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Trading Ultimate Guide: Part 3


Welcome to the third part of the Ultimate Guide. This part will cover up the rest of the essential topics for beginner traders, and give you a reference point for a more detailed study.

Main article sections

Mastering trading psychology

It is not only a broad background and ability to analyze the market that can make you a good trader. Have you ever noticed how successful people behave? They never lose temper and always think twice before acting. The comprehension of trading psychology is a thing that can improve your game. Wondering, how to stay cool under pressure, enter or exit trades before the market turns whether you are cutting losses or taking profits? Develop your own trading discipline based on MTrading advice.

  1. Set realistic trading goals. It's important to have a realistic estimation of potential profits and losses. As your performance grows, so should grow your expectations.
  2. Consider your risk tolerance in advance, then choose trading strategies fitting the estimation. A low-risk tolerance is suitable for lots of small trades, whereas higher tolerance for risk would better suit larger trades, with the opportunities for larger gains.
  3. Mind your limits: define the target, close at it and enjoy benefits or fix losses.
  4. Get ready for the worst. It sounds pessimistic, but by considering the worst possible outcome of a trade, you can take measures to protect yourself, should this happen, such as by setting a stop loss in advance.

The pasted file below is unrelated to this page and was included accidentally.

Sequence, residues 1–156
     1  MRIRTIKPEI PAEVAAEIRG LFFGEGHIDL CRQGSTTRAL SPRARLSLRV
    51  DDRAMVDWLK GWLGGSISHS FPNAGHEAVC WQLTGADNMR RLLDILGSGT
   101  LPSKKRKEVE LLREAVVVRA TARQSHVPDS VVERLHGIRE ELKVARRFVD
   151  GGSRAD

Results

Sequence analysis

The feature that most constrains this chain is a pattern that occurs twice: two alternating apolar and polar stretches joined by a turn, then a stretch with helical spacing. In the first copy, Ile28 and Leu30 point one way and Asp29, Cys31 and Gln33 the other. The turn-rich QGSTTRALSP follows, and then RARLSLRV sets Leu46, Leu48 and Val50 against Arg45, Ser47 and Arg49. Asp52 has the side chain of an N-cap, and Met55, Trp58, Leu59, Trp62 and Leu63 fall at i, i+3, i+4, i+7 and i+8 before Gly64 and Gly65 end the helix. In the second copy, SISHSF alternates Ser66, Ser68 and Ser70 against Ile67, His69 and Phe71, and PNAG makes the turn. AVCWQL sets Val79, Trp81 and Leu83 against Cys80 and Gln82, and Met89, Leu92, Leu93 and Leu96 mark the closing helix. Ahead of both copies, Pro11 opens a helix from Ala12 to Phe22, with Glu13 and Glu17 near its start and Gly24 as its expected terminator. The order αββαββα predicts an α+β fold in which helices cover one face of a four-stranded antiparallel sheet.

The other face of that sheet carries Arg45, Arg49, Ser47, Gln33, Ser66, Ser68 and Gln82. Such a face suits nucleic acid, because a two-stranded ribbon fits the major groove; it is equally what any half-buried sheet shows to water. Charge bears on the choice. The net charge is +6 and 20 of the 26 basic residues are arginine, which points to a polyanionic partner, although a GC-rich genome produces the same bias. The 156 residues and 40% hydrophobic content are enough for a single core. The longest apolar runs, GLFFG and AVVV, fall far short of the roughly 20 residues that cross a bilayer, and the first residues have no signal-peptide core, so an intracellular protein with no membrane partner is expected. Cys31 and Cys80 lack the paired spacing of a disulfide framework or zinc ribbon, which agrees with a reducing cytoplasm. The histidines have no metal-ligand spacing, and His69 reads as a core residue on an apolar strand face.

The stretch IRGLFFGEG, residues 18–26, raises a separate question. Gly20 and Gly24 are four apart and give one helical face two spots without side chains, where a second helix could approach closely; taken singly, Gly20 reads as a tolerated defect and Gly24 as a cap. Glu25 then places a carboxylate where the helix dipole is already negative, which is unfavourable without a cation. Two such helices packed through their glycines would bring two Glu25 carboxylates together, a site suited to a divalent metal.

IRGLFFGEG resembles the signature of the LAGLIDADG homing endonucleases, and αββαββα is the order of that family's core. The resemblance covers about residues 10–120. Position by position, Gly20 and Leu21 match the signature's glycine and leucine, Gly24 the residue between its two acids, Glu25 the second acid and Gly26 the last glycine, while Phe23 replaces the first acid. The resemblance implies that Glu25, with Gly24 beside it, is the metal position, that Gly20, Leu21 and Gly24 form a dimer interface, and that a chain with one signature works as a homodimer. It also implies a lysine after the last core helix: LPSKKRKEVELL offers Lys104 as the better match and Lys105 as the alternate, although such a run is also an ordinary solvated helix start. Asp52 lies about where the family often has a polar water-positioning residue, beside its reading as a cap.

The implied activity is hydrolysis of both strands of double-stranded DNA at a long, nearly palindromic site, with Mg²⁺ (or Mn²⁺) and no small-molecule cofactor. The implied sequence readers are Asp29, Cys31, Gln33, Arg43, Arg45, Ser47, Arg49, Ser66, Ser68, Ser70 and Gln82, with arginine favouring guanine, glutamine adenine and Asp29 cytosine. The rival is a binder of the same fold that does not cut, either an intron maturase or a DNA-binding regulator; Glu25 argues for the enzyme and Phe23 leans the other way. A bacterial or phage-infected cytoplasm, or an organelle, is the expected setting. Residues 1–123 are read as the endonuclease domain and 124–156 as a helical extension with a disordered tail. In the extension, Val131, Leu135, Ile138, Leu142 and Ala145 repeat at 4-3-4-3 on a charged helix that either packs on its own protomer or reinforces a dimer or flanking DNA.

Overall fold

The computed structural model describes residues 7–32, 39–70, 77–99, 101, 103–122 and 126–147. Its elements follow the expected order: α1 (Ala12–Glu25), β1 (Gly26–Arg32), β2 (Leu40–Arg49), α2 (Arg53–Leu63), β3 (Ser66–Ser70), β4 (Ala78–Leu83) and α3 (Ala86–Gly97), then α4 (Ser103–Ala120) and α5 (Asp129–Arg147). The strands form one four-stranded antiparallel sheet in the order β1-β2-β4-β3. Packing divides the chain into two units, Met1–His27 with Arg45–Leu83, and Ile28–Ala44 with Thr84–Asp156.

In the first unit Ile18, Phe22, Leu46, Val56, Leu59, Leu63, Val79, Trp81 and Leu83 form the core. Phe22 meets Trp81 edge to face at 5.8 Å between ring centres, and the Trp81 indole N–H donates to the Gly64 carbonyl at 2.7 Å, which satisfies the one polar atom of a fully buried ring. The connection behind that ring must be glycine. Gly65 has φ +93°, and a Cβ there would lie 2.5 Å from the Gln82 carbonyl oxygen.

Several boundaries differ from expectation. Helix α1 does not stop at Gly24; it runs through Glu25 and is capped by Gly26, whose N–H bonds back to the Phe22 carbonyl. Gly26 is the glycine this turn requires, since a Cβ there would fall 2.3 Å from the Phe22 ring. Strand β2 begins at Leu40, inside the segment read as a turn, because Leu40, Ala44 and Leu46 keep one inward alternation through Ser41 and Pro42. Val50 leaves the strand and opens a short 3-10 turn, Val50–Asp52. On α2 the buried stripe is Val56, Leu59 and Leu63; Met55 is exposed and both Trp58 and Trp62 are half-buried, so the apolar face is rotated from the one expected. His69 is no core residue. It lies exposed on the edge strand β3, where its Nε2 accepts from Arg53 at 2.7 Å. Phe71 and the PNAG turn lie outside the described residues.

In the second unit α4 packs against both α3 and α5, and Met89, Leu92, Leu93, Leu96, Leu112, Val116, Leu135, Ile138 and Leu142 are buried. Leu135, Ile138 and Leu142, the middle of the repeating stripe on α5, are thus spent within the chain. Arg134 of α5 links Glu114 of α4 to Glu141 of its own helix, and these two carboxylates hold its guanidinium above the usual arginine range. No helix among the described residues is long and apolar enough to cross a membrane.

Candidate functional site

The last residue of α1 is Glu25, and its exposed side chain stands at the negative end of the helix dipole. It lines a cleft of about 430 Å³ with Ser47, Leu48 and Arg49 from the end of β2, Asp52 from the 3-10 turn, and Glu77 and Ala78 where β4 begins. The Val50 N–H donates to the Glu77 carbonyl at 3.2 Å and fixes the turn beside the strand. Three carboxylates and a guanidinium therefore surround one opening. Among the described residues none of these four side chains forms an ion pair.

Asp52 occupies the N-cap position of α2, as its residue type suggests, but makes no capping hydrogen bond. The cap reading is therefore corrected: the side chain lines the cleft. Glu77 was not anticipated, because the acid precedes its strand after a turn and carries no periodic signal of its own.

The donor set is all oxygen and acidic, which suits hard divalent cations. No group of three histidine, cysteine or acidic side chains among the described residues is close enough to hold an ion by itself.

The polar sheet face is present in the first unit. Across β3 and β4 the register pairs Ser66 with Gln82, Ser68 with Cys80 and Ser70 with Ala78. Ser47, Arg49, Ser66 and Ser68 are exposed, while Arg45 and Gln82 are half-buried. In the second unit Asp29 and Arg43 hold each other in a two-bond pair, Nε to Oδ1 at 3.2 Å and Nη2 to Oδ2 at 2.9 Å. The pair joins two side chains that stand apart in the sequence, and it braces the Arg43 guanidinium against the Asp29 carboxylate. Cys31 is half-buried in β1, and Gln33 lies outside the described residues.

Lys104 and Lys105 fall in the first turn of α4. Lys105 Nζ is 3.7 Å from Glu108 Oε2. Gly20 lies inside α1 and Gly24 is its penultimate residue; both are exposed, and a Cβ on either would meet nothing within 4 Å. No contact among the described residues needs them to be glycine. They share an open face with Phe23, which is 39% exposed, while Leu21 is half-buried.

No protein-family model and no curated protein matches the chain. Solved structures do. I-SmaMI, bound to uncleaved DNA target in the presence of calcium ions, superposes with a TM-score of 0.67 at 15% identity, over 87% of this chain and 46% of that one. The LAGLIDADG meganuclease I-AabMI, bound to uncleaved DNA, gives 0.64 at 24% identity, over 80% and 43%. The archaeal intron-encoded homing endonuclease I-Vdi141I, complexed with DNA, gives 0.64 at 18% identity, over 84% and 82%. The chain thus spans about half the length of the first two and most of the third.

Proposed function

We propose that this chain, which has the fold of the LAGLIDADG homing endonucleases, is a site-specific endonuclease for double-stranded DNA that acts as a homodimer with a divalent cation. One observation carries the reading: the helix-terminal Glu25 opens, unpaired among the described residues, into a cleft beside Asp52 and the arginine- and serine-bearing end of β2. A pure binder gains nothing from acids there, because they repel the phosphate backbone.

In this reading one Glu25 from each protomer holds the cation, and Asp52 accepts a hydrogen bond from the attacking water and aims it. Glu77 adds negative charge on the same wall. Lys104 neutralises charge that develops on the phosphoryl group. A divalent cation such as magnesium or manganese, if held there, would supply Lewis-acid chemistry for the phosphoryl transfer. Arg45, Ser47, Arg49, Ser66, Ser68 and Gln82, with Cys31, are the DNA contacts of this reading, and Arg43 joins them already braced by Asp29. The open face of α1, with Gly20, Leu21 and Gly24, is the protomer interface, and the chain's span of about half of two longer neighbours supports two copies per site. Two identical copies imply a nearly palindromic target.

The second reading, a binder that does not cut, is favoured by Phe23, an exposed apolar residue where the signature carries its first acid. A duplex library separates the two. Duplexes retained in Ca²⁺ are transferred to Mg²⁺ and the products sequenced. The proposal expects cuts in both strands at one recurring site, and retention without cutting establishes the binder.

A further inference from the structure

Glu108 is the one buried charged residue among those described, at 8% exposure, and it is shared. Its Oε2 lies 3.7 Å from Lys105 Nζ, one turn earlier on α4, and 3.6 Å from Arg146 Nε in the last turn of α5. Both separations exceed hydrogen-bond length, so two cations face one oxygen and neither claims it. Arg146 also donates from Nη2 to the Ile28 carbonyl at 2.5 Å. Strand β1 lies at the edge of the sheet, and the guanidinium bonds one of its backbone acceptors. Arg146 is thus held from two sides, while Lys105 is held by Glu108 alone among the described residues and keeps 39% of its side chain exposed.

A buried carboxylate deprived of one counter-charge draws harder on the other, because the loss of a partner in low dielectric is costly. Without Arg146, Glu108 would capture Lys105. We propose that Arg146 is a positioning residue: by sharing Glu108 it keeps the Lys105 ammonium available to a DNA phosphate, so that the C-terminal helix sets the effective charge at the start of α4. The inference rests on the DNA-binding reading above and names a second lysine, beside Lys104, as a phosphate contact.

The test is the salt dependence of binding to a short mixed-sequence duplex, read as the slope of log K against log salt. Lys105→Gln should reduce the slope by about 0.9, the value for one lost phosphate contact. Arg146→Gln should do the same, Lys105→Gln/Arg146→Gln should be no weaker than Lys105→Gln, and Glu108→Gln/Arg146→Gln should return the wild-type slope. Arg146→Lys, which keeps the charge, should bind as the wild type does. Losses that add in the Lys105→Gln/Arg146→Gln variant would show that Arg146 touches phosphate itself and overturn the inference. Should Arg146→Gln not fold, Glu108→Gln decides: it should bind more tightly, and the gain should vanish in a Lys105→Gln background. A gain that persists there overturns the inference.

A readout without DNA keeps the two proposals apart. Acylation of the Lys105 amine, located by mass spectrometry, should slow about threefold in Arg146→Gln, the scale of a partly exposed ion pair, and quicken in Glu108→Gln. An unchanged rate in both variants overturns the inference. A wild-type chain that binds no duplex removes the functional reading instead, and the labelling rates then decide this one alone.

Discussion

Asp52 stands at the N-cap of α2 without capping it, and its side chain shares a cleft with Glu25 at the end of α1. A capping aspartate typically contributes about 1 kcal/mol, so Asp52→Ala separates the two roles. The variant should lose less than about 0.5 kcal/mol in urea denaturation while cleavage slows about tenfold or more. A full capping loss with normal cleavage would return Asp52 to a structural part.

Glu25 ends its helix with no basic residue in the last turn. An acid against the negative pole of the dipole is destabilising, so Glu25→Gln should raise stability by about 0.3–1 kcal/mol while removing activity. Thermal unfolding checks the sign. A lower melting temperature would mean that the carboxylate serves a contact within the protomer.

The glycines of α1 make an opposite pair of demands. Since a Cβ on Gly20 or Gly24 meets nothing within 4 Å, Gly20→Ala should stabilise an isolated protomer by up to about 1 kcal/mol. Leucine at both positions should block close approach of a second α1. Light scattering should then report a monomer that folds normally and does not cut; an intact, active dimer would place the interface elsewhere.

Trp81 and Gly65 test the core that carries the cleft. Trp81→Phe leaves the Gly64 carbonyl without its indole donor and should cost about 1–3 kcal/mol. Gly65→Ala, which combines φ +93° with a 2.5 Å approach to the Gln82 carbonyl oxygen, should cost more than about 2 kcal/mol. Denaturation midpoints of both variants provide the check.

5. It is the overall performance that counts: You may be tempted to take a higher risk while experiencing smooth trading or put your shirt on in case of repeating failures. Do a favour to yourself - stay calm.

How to analyse the market

Although sometimes rookies count on cards and experience the beginner's luck, it rarely lasts. Tech-savvy traders will tell you: the market analysis is absolutely vital to both short-term and long-term trading. Daily, weekly, and monthly charts should always be at your hand. There are various approaches to analysis, however, three broad categories remain the most widely used:

Fundamental analysis


This type of analysis is for monitoring real-world events that may have an impact on the value of the financial instruments you are going to trade. For instance, the value of the American Dollar might fluctuate following a Retail Sales Report, which will then affect the movements of all currency pairs that include USD. These economic indicators have the greatest impact on the market:

  • Gross domestic product (GDP)